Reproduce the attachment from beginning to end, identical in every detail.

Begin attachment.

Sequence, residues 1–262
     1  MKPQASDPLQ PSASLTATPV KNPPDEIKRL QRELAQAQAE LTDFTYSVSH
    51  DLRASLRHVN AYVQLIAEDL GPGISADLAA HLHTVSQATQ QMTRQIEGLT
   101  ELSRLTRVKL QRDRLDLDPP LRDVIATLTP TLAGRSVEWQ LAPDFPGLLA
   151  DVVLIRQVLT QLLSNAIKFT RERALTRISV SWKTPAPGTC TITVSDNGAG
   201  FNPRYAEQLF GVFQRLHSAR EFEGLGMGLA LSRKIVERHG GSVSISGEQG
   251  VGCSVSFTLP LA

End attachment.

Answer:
Sequence, residues 1–262
     1  MKPQASDPLQ PSASLTATPV KNPPDEIKRL QRELAQAQAE LTDFTYSVSH
    51  DLRASLRHVN AYVQLIAEDL GPGISADLAA HLHTVSQATQ QMTRQIEGLT
   101  ELSRLTRVKL QRDRLDLDPP LRDVIATLTP TLAGRSVEWQ LAPDFPGLLA
   151  DVVLIRQVLT QLLSNAIKFT RERALTRISV SWKTPAPGTC TITVSDNGAG
   201  FNPRYAEQLF GVFQRLHSAR EFEGLGMGLA LSRKIVERHG GSVSISGEQG
   251  VGCSVSFTLP LA